Last night I watched a documentary that spoke to me in too many ways to count. No Impact Man follows a family of three in New York City, as they venture out to consume less, and produce ideally no waste- for a year. Not only was it moving in the environmentalism aspect, but what stood out to me was the message about Community, Family and having a relationship with the Earth beneath our feet.
When Colin Beavan spoke about community, he stressed the importance of it. The lack of community our society has developed is truly linked to sickness, pollution, poor diet, disease and an overall disconnect. It seems that we are farthest away from the things closest to our being- to our very physical location. If you can tell me you know and could rely on your neighbors for anything, I’d say good for you; you’re probably above average. If you can tell me you take part in community events, community gatherings, efforts and projects, I’d say good for you; you’re working towards the heart of the issue.
Criticism hit hard as Beavan’s family began this journey, with many critics saying things like “The Year of no Toilet Paper, but Plenty of Ass.” His response; why does it have to be critical- how about this?
“The year I lost 20lbs. without going to the gym once. Or the year we didn’t watch TV and became much better parents as a result. Or the year we ate locally and seasonally and it ended up reversing my wife’s prediabetic condition.”
Forget analyzing why someone is doing something, accept that they’re doing it and learn to be humbled by their eagerness to grow with an open mind- maybe even grow to take on that way of thinking yourself.
I think within our communities we have become so disconnected from one another that, like Beavan says, we have no one to hold us accountable for our actions. We think I’ll recycle, I’ll eat more veggies, I’ll walk instead of the bus. These things aren’t enough- it needs to start as a front, a front beginning with an entire community. Though focused on diet, Gene Stone in Forks over Knives says,
“Consider this: If the entire U.S. population were to adopt a plant-based diet for just one day, the nation would conserve the following resources*: • 100 billion gallons of drinking water, enough for every person in every home in New England for nearly four months • 1.5 billion pounds of crops, enough to feed the population of New Mexico for over a year • 70 million gallons of gasoline, enough to fuel every car in Canada and Mexico • 33 tons of antibiotics.”
Now this is just to highlight the importance of what Beavan had done. The documentary hardly touches on the fact that with his ‘environmentally conscious’ meals & product consumption, they were able to reverse his wife’s pre-diabetic condition; on diet and consumption alone. How do these things not register with people?! They are stone. cold. facts.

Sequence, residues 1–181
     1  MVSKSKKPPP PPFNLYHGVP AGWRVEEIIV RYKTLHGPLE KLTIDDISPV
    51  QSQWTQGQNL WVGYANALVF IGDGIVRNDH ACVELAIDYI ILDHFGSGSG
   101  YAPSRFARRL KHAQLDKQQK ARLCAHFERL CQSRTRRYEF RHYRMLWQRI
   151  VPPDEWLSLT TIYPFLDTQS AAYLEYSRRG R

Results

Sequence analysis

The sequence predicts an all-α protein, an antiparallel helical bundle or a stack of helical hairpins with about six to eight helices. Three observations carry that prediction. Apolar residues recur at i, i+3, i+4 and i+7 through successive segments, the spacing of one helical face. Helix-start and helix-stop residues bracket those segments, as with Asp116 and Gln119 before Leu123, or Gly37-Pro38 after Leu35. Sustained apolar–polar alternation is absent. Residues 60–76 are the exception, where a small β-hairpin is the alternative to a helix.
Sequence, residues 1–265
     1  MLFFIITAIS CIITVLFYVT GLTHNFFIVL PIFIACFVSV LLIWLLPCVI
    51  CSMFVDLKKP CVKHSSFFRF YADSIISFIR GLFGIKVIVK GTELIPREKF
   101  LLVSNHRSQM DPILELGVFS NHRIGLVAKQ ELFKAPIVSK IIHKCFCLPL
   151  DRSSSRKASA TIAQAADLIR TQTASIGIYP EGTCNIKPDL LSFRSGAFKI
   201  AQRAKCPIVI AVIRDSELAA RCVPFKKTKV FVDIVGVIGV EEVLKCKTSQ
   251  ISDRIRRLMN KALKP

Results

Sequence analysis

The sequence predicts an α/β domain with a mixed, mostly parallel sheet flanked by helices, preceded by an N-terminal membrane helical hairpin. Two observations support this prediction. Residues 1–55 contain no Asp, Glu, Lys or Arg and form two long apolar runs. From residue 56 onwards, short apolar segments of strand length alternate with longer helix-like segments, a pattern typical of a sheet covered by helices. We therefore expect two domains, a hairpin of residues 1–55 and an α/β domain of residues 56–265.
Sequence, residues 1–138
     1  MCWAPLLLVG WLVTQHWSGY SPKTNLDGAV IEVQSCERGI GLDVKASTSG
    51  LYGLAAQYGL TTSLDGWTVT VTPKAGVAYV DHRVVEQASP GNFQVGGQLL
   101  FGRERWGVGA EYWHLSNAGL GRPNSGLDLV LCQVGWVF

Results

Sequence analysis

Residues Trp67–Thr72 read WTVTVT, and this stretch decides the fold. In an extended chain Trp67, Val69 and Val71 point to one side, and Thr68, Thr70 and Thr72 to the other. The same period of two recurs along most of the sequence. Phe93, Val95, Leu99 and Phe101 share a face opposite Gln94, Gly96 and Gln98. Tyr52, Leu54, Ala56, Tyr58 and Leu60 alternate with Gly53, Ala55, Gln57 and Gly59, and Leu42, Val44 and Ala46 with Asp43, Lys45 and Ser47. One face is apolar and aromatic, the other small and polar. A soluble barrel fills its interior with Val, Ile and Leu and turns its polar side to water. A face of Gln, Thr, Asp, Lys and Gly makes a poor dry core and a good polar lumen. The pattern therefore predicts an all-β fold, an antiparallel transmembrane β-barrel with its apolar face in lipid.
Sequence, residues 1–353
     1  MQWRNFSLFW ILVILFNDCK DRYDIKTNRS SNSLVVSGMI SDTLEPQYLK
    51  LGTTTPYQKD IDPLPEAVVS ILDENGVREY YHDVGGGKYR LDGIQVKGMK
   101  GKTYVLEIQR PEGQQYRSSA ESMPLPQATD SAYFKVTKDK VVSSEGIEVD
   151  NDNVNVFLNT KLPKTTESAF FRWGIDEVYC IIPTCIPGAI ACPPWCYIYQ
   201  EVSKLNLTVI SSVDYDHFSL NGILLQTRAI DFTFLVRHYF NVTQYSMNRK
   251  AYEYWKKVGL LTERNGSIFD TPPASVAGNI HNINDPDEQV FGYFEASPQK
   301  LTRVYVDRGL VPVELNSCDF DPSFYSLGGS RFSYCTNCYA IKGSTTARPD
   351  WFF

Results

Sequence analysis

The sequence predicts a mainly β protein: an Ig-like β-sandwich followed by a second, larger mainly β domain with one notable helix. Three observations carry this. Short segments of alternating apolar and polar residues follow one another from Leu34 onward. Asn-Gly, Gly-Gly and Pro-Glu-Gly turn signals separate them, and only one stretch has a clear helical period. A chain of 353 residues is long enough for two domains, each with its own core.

“Unfortunately, the link between diet and health is still not well understood by many doctors, who are not required to take courses on nutrition in school, and who therefore rely on pills and procedures to treat patients.” -Gene Stone; Forks Over Knives
These things motivate me. They make me want to bring the message into the lives of others. I’m only one person, I have only but two hands- but the changes I wish to bring with them, that’s on me. Beavan speaks about the relationship he was able to cultivate with the Earth through this year of sustainability. He said it took that year of “going without” to create an environment for him to foster a relationship between himself and the very dirt he walks on. Though every square inch may be covered with sidewalks and buildings, he fosters this relationship through work in a community garden. Something I will be blessed to work among this coming Summer.
Fostering a relationship with the Earth is a healing journey. Touch the dirt, understand the potentials it holds. Fathom the power of elements and what the could provide for humankind, should we turn our ignorant minds to the possibilities. Now think, with this dirt alone I can foster nourishment for myself and my family, with this dirt, sunlight and water; I can be humbled.
I have struggled to find humbling thoughts while stuck at this job, in this cubicle, in this ghetto town so full of everything but community. I have struggled to see the light at the end of the tunnel, to see my path clear or to understand how I truly will accomplish my goals. I fight every day to push through- despite weary hearts from Family Members, despite “knowing better,” I have to find the balance between reality and the fast-track to my dreams. When I do find this, it is my hope that I will be humbled by my progress and continue to move forward in a way that will put pride on the faces of my Family Members, and calm worries they might have had about my decisions. I want 100% support, but perhaps by not having it; this will propel me forward that much faster to success- that is the hope.
Ask yourself, is it possible to have a good life, without wasting so much?